Are we hearing God's voice?

October 24, 2011

For more commentary on this week's readings, see the Reflections on the Lectionary page, which includes Epperly's current Living by the Word column as well as past magazine and blog content. For full-text access to all articles, subscribe to the Century.


The passage from Micah raises some important theological questions related to God's revelation. Micah is clear that focusing solely on our well-being and declaring war on the poor will lead to a cessation of revelation and vision. Does Micah mean that God withholds God's revelation, thus plunging the spiritual leaders into darkness? Or does our failure to attend to the poor create a situation in which we limit God's ability to inspire us? In one case, God is the sole actor. God responds to our behavior with decisive action. In the other case, our behaviors create a situation in which God cannot be as fully present as God desires. God is still present in our lives but is thwarted to some extent by our turning away.


We live in a time when public figures assert that God has called them to run for political office. Books on spirituality and self-awareness, both Christian and non-Christian, are bestsellers. Religious figures have celebrity status. The prosperity gospel still attracts many people, especially among the unemployed and poor, who are told that if they follow the right spiritual steps, they will be able to buy beautiful homes and drive expensive cars. Yet the gap between the rich and poor is increasing.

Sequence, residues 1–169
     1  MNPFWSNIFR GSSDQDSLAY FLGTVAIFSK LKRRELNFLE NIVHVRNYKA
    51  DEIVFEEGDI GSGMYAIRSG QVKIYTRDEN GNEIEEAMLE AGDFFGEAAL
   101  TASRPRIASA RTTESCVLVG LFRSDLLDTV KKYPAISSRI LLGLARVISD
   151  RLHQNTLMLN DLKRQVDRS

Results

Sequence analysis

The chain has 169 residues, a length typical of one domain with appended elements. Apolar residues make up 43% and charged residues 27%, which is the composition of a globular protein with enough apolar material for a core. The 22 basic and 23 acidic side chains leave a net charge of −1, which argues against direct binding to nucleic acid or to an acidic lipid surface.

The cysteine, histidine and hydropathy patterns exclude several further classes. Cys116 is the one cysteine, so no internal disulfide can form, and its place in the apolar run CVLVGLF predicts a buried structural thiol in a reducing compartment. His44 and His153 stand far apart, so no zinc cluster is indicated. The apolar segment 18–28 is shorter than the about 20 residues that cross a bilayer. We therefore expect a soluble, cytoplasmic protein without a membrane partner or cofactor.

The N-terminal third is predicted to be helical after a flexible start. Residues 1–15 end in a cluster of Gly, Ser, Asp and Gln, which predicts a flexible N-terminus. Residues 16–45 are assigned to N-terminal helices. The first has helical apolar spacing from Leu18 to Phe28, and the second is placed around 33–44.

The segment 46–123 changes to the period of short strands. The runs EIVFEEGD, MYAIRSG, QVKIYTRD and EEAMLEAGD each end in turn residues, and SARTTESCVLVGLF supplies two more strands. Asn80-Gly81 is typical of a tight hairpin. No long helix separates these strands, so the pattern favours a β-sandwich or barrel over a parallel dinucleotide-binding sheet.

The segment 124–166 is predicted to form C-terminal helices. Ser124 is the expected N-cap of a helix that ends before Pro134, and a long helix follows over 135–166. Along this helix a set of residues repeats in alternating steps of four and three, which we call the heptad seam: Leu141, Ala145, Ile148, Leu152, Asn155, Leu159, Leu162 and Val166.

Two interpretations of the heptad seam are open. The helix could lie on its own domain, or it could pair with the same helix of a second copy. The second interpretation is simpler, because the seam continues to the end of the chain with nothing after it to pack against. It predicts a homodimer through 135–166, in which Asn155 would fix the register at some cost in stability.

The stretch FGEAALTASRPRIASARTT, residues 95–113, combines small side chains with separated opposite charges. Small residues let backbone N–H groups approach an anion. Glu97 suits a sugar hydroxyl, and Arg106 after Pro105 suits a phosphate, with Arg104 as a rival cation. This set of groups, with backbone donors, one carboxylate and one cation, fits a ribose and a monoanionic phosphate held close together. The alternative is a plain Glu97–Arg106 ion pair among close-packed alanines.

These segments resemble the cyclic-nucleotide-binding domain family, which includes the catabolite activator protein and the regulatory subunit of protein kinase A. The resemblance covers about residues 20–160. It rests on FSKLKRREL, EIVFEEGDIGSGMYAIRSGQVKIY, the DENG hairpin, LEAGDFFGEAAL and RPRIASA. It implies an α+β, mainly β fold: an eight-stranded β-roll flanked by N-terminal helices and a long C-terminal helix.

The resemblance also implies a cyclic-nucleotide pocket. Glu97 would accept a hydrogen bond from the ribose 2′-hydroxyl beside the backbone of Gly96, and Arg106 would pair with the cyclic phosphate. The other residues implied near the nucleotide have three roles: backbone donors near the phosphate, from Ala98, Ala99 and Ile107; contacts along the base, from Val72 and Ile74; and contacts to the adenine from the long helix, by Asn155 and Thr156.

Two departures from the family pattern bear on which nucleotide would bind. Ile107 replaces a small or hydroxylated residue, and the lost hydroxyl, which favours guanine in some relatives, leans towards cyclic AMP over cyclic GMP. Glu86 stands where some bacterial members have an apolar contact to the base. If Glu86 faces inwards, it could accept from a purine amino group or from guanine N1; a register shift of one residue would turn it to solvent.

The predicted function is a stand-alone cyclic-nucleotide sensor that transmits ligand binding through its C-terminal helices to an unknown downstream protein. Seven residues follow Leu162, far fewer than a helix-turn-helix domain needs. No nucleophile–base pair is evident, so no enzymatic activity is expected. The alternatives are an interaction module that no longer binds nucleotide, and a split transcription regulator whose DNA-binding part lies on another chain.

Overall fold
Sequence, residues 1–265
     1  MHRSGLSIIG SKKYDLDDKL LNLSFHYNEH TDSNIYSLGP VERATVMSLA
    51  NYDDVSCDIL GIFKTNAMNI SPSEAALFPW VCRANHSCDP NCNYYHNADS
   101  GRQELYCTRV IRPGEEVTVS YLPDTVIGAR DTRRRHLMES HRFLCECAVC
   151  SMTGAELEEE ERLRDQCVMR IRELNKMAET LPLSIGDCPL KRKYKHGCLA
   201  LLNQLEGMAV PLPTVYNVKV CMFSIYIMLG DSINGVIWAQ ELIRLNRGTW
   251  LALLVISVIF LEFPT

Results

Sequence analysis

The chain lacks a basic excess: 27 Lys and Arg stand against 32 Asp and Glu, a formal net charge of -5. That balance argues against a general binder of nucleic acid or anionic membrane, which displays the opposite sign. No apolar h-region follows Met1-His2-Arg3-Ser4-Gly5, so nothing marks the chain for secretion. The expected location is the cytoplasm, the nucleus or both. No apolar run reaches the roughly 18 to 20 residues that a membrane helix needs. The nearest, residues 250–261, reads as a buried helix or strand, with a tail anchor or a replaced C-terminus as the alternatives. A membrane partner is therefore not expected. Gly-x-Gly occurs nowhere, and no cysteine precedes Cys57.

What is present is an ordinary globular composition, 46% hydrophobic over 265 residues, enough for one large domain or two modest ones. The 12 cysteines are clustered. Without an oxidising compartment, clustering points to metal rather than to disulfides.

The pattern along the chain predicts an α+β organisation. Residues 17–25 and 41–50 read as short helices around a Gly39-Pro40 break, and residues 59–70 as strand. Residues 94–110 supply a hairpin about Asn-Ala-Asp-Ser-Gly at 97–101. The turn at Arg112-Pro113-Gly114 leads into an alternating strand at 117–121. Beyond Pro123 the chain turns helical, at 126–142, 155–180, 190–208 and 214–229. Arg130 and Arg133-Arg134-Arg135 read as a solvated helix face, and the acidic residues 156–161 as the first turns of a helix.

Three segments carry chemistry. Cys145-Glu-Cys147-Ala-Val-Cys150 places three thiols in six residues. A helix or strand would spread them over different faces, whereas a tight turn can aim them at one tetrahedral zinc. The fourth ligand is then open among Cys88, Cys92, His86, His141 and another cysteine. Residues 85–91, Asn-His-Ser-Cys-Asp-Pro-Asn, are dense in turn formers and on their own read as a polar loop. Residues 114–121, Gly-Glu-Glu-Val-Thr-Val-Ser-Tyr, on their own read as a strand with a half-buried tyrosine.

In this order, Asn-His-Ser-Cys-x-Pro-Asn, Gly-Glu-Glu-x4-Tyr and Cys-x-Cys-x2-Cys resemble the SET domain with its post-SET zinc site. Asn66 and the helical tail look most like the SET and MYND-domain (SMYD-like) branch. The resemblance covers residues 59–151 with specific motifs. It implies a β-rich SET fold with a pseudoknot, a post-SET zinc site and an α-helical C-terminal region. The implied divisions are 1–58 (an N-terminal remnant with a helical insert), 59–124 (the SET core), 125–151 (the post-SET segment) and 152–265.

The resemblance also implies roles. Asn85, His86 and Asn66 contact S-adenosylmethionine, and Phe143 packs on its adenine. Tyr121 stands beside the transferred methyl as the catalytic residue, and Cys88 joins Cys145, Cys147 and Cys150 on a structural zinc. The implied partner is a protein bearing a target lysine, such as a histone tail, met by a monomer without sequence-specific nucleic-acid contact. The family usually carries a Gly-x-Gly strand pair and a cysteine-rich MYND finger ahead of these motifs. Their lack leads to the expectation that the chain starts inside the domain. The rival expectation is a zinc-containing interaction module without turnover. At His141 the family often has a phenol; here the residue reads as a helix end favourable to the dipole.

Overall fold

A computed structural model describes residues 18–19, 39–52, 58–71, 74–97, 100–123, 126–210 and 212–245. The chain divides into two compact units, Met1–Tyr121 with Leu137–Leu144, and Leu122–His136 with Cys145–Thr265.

Could it be that we are experiencing what Amos describes as a famine of hearing the word of God?  In your own congregation, are people hearing the word of God? Are they even listening? What is preventing us from hearing God's voice? Given the realities of duplicity asserted by Micah and Amos, how are we to judge the authenticity of the spiritual guidance we receive?

On a final note, Paul affirms that his integrity enables his words to be perceived as revealing divine wisdom. Could it be that Paul's integrity also enabled him to have a clearer sense of God's vision for the Thessalonian community? Does our clarity enable God to be more active in our lives?